Delia has two kinds of defences available to her. She can
either plea for a loss of control or for diminished responsibility to defend herself
against murder. If the defence is accepted by the courts Delia will be charged
with voluntary manslaughter rather than murder. Voluntary manslaughter is where
the offender (Delia) intended to kill or cause serious harm, however is not
guilty of murder due to either provocation or mental incapacity; this is where
the defences of loss of control and diminished responsibility come in. If a
defence is successful and her sentence to murder is quashed and is sentenced to
voluntary manslaughter instead she will receive a lesser sentence and spend
less time in prison. Furthermore, if Delia pleads guilty to voluntary
manslaughter and uses one of the defences early on the judge can reduce the
sentence by up to a third, only if this plea is given to the judge early in the


Loss of control comes from S.54 (1)(a) of the Coroners
and Justice Act 2009. It came into force on 4 October 2010 replacing the
partial defence of provocation with loss of control. There are three main
components that Delia must comply with for a loss of control plea to be
successful. The components are as follows; Did D suffer a loss of control? Was
there a qualifying trigger? And the objective test. The first component, did D
suffer a loss of control. As Devlin J had stated, the defendant had to have
reached the point at which he was ‘no longer master of his mind’, yet that
meant that ‘in one way, he lacked the full mens rea”1.  It does not matter whether or not the loss of
control was sudden.2
This is beneficial to Delia’s case as the main question is did she lose
self-control. Here she can refer to her ‘volatile relationship’ and how the
night of the killing she had been hidden in her room for hours to then find
Cyril asleep when she killed him. However, the prosecution may refer to S.54(4)
which states that ‘subsection (1) does not apply if, in doing or being a party
in the killing, D acted in revenge.’ 3 This would mean that Delia
was out for revenge when killing Cyril and would prevent her from receiving the
defence of loss of control. But from the evidence of that night Delia was
hiding in her room then packed her bags in preparation to leave Cyril and go to
stay at her sister’s house, this indicates that she in fact was not planning a
revenge attack and had all intentions of leaving to go to her sisters. If there
is sufficient evidence to raise a defence of loss of control, the burden of
proof is on the prosecution to disprove loss of control.4 This would mean it is on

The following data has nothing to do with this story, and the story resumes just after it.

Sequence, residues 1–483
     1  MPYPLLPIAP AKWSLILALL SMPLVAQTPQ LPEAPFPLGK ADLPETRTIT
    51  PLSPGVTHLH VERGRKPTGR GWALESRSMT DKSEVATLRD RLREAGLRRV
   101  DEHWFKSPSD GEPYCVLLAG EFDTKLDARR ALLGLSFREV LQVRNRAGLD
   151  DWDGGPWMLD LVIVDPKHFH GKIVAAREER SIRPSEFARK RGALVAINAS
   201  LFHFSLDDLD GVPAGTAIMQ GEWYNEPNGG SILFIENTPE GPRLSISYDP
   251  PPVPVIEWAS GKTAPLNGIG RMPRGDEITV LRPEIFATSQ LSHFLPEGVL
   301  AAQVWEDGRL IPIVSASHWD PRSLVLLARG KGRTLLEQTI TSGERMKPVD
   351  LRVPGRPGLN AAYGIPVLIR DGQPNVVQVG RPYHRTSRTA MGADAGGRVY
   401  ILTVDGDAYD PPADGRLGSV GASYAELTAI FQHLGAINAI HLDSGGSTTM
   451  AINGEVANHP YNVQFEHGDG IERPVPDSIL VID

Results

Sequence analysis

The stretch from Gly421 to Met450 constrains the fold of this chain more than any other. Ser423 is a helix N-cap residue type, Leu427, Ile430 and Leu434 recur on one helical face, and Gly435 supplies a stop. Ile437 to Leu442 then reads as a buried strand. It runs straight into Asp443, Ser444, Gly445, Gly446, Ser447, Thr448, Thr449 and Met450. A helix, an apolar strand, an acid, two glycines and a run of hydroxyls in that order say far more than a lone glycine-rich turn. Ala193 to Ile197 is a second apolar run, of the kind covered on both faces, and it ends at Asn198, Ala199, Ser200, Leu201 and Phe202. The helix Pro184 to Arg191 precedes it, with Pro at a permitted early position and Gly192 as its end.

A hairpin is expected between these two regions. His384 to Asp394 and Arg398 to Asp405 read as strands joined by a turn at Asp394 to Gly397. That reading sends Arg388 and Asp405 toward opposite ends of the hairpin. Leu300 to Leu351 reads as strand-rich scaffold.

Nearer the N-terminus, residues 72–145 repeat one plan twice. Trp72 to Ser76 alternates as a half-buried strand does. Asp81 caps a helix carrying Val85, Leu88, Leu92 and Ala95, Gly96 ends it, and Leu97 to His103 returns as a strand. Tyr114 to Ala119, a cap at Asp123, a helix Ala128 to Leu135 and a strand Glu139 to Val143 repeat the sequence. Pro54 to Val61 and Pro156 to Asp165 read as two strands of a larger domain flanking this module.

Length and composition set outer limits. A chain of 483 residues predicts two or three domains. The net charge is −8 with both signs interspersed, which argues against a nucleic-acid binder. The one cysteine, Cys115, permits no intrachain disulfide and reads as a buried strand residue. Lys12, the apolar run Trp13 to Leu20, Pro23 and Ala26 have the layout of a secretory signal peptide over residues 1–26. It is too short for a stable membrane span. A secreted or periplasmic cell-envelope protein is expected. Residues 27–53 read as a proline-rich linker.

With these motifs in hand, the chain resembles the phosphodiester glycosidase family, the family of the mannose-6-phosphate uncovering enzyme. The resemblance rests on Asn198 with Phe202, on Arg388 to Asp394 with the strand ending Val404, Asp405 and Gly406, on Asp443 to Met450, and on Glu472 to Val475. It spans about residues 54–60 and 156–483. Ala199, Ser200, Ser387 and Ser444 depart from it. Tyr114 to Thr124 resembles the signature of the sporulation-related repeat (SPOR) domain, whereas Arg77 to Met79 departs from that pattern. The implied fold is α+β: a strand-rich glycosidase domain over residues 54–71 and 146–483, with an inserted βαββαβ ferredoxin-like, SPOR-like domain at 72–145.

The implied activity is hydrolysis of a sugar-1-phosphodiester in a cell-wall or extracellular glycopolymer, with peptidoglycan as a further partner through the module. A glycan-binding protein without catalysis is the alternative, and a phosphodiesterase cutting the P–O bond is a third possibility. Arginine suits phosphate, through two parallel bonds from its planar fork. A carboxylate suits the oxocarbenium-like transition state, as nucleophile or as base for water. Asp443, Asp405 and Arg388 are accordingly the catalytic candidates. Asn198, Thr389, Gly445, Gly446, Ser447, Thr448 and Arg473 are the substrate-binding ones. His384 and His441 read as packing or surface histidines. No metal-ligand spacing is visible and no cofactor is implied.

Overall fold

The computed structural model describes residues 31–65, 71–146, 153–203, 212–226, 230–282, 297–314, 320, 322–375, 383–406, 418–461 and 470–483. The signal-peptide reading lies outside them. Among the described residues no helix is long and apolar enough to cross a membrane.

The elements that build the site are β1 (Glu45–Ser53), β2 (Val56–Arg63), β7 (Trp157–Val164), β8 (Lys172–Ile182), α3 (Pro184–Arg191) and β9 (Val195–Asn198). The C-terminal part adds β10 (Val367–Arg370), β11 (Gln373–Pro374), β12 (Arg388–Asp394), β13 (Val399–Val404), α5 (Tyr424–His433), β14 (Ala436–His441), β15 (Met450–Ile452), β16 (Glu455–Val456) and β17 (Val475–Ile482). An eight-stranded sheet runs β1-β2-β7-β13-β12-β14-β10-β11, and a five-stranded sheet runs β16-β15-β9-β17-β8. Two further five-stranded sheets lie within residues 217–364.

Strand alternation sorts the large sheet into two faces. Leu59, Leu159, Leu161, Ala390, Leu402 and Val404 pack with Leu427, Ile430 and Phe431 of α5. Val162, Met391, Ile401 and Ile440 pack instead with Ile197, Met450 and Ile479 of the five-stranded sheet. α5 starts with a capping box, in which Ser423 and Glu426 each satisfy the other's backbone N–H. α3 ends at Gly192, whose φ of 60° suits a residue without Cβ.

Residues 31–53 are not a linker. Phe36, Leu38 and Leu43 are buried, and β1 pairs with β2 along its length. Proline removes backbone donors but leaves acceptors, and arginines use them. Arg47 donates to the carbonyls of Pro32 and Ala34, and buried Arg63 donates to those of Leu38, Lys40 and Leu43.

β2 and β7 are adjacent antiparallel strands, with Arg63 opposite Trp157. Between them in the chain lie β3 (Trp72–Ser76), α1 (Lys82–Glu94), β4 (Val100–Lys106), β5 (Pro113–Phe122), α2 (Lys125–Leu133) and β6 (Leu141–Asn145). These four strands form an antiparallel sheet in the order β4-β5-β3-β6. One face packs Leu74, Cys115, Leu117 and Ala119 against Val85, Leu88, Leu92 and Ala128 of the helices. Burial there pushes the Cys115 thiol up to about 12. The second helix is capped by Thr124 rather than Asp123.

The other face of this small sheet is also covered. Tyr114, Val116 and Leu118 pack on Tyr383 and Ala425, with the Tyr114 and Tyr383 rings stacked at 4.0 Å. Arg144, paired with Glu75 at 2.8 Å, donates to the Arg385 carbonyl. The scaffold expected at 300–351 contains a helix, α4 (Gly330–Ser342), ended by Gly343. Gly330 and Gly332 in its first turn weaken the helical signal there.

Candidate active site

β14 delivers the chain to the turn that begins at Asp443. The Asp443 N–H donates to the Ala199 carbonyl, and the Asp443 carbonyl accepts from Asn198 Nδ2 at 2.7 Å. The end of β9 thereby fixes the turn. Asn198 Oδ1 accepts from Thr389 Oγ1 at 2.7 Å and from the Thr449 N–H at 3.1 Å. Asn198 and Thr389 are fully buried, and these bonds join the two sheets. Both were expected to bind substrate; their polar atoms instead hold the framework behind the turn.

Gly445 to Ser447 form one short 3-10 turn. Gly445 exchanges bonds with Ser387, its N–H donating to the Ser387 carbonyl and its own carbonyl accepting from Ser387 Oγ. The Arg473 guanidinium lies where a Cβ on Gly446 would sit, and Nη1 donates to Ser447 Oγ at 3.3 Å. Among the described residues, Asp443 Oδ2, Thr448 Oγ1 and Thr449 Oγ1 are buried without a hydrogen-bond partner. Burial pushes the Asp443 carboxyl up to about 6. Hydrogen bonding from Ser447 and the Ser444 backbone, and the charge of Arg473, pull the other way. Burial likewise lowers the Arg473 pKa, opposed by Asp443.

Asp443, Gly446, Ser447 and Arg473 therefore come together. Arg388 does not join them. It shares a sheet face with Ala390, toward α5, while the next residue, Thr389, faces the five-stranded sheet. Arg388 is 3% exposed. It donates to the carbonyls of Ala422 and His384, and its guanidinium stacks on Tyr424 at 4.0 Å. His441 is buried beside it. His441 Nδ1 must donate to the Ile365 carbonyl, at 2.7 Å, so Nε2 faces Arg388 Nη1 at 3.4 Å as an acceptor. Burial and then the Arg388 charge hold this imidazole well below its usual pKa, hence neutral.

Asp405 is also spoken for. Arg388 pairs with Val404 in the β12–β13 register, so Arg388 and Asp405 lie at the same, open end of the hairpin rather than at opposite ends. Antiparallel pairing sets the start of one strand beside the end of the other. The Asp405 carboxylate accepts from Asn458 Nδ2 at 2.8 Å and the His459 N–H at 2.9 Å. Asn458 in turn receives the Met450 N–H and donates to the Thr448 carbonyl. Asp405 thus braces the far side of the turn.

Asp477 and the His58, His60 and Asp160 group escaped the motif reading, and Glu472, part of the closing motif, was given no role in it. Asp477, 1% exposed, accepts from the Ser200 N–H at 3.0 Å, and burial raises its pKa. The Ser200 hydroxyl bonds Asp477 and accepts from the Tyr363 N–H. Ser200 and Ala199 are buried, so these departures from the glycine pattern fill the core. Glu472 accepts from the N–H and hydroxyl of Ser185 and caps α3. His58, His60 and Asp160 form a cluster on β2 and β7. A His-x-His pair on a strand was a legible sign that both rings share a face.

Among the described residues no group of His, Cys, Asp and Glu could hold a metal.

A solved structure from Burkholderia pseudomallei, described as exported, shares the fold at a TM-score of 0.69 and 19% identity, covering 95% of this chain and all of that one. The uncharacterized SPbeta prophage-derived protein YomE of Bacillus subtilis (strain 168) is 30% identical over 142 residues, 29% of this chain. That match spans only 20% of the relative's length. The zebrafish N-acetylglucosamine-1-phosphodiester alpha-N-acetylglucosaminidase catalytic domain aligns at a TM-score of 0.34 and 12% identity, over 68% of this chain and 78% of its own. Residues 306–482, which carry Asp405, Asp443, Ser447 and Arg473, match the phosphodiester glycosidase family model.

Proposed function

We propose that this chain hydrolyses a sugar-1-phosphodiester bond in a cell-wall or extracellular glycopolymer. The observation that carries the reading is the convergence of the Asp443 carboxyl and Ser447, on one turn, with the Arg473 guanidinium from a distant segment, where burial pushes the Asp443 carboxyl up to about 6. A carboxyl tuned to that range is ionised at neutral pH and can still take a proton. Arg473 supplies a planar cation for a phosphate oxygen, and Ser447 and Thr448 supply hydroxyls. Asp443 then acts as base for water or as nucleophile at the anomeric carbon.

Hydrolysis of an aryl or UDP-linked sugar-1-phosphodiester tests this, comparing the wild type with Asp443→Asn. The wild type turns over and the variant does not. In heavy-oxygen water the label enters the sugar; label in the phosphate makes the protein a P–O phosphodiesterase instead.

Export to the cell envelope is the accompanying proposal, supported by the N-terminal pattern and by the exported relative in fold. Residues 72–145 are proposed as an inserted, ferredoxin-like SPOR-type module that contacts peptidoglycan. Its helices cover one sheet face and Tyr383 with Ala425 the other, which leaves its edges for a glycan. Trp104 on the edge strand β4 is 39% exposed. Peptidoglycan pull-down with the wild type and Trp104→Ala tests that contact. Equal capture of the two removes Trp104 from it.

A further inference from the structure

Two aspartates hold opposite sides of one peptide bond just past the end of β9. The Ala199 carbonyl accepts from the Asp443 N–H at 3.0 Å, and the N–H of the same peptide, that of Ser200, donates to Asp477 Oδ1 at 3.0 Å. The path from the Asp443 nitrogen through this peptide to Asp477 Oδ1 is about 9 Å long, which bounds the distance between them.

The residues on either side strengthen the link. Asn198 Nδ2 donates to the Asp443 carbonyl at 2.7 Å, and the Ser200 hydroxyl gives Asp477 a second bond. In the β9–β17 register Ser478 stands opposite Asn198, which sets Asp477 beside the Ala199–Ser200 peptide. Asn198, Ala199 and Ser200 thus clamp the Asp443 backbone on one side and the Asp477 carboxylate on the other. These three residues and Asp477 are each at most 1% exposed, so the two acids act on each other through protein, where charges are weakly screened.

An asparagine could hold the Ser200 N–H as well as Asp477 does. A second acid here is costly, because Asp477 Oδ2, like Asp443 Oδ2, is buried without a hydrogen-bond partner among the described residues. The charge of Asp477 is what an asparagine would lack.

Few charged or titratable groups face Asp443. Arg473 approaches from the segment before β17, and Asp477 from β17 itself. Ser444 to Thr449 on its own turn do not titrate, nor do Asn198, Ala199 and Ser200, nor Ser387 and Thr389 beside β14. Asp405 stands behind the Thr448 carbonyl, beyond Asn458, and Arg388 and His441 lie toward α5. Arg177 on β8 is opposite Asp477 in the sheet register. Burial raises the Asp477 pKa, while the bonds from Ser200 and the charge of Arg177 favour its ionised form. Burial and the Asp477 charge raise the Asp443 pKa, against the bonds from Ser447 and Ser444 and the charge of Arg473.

the prosecution to disprove Delia’s loss of control.

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The second requirement under s.54(1)(b), was there a
qualifying trigger in Delia’s case? There are two qualifying triggers under
s.555,”Fear” trigger s.55(3) ”Anger”
trigger s.55(4), or a combination of them both is sufficient s.55(5) to
successfully have the defence of loss of control. The main trigger in this case
would be fear, however it could be argued there is an anger trigger in here
also. It is a known factor that Cyril and Delia had a ‘volatile relationship’
and on numerous previous occasions, Cyril had struck Delia in the course of an
argument, resulting in Delia being hospitalised with broken bones and bruising.
This alone is enough to make Delia be fearful of Cyril as she would fear what
he would do to her next when they had an argument. Evidence for this is,
because of the regular abuse Delia is now suffering from depression and Is
always timid and nervous. Her change of character highlights her fear and how
nervous she feels in case she upsets Cyril as she knows he has no limits on
what he will do to her. Adding to this an obvious factor is that she will feel
angry with Cyril about everything he has done to her and how he has been making
her feel. Therefore, on the night of the killing when Cyril tells Delia he will
deal with her later, after striking her in the face, the fear would take over
her. She would clearly be fearing what he means by he will ”deal” with her,
what he was going to do to her.


The objective test is the third requirement of loss of
control. This is a test that determines whether a person of D’s sex and age
with a normal degree of tolerance and restraint and in circumstances of D have